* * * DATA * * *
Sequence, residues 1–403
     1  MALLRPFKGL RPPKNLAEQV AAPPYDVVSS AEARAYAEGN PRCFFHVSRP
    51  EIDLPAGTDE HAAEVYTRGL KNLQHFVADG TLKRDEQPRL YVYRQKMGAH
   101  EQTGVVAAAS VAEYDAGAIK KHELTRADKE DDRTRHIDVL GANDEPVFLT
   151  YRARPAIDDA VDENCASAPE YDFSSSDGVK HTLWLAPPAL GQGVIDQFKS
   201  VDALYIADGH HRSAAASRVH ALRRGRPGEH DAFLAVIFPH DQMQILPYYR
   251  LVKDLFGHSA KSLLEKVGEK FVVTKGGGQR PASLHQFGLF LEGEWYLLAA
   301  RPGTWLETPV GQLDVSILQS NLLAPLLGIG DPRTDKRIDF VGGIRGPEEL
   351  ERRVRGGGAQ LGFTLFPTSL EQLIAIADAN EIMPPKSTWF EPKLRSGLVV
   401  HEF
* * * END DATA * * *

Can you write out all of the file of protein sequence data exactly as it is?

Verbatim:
Sequence, residues 1–403
     1  MALLRPFKGL RPPKNLAEQV AAPPYDVVSS AEARAYAEGN PRCFFHVSRP
    51  EIDLPAGTDE HAAEVYTRGL KNLQHFVADG TLKRDEQPRL YVYRQKMGAH
   101  EQTGVVAAAS VAEYDAGAIK KHELTRADKE DDRTRHIDVL GANDEPVFLT
   151  YRARPAIDDA VDENCASAPE YDFSSSDGVK HTLWLAPPAL GQGVIDQFKS
   201  VDALYIADGH HRSAAASRVH ALRRGRPGEH DAFLAVIFPH DQMQILPYYR
   251  LVKDLFGHSA KSLLEKVGEK FVVTKGGGQR PASLHQFGLF LEGEWYLLAA
   301  RPGTWLETPV GQLDVSILQS NLLAPLLGIG DPRTDKRIDF VGGIRGPEEL
   351  ERRVRGGGAQ LGFTLFPTSL EQLIAIADAN EIMPPKSTWF EPKLRSGLVV
   401  HEF